The Boxing Match


On reflection, I suppose the most enjoyable and carefree period of my life was the three years after I left school aged 15. Although education now continues for much longer in most of the western world, this was the UK school-leaving age in 1960. For those three years I was a telegram delivery boy, my first year on a bicycle and the following two on a motorbike when I legally became of age to own a driving licence. It was a period of time when like most youngsters I felt almost immortal. I had money in my pocket that was earned, nothing fantastic but it did give one a degree of independence. Also there were none of the future adult worries about providing for a family, mortgages or insurance, those things would come soon enough but not at that moment of time.

It was also a drug free age for most people, this being something that young and old alike would be horrified at. Drugs were simply not the done thing and it makes me wonder even now why people use them as those who have never tried them will know, you simply do not need them. Life is more enjoyable to the full without them. The almost drug free culture of those days has certainly kept me in good stead and apart from the rare anti-biotic prescription from a doctor that is the way it will always stay as far as I am concerned.

The legal age for buying alcoholic drinks in a public house, (bar), in the UK is 18, the same as it was in 1960. I still had to wait until I was 21 before I legally became an adult and awarded the traditional  “Key of the door”. I am aware the minimum age for buying alcohol remains at 21 in some countries which I find strange as also in most countries, people are now legally classified as an adult at that age. I suspect like most 17-year-old youngsters at the time, we did enjoy the occasional late night pint in a public house, with the oldest looking of our mates being pushed to the front of the queue to do the buying. A new emerging pop group named the Beatles marked the transition from the post-war years and heralded the brave new future.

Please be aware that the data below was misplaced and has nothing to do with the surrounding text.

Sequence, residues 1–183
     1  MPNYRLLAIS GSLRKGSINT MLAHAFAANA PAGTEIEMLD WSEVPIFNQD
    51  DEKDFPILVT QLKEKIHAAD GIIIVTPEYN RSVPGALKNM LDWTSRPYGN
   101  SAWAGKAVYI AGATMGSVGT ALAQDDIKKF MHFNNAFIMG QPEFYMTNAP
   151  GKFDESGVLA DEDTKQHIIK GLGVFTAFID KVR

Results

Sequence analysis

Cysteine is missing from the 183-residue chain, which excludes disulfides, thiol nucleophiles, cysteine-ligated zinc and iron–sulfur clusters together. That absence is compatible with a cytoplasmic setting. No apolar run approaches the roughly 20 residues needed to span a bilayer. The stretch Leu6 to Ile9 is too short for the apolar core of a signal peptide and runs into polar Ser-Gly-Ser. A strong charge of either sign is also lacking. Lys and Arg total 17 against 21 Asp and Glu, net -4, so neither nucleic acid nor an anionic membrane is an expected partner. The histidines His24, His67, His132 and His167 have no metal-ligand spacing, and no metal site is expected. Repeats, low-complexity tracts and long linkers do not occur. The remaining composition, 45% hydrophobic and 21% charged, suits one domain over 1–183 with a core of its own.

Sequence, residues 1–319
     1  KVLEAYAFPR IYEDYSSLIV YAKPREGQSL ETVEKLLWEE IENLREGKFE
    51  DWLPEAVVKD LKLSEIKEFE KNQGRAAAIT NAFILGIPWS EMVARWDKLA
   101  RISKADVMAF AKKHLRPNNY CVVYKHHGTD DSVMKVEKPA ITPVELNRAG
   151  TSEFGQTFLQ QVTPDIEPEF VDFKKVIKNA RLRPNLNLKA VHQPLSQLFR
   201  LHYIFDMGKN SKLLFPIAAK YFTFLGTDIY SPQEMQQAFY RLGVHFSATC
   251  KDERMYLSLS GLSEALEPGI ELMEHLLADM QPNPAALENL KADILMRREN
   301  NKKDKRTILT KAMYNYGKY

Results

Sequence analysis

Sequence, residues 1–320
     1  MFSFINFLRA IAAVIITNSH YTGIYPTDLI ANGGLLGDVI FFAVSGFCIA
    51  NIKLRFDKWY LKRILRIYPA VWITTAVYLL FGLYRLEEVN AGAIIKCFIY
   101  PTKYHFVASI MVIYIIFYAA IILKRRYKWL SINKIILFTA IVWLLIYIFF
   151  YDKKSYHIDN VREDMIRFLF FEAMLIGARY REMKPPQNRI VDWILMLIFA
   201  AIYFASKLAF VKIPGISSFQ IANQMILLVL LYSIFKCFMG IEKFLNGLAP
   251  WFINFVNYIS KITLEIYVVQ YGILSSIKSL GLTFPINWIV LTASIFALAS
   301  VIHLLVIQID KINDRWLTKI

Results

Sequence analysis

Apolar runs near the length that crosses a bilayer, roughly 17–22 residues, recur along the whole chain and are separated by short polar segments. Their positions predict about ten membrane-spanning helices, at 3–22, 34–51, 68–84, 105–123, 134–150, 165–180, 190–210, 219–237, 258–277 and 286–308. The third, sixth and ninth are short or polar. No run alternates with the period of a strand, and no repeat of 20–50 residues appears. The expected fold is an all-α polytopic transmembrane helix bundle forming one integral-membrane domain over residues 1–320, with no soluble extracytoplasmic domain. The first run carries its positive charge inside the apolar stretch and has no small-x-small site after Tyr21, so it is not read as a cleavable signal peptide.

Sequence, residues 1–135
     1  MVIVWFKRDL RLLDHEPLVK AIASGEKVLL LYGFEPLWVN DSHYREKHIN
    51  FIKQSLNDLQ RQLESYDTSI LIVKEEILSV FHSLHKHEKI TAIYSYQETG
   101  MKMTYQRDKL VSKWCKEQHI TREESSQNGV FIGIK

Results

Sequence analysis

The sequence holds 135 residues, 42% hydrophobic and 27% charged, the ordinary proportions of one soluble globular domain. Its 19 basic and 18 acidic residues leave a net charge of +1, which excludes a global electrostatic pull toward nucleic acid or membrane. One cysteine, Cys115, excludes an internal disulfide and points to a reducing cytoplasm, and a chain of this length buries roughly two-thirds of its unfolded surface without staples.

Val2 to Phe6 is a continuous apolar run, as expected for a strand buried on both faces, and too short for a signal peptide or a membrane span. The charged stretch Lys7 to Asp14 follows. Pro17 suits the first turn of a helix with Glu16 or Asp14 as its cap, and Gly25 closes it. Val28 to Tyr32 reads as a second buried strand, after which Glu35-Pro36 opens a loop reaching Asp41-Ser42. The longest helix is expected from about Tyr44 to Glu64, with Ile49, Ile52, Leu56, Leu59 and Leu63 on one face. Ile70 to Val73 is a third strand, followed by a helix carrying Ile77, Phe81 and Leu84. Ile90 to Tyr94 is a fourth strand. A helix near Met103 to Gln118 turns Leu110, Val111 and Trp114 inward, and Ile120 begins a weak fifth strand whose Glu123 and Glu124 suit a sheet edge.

It was also a time before regular girl friends although my friends and I would occasionally take a girl home from the local dancing hall called the Ilford Palais. As with most youngsters of that time, friends would brag about their sexual exploits from the night before, however one always knew it was not true. It was an era when the pill had not yet arrived and society still attached a great social stigma to unmarried mothers. Due to the potential consequences, most girls simply would not dare get involved in sexual relationship with a one night stand or even more regular boyfriend. Heavy petting however was another thing.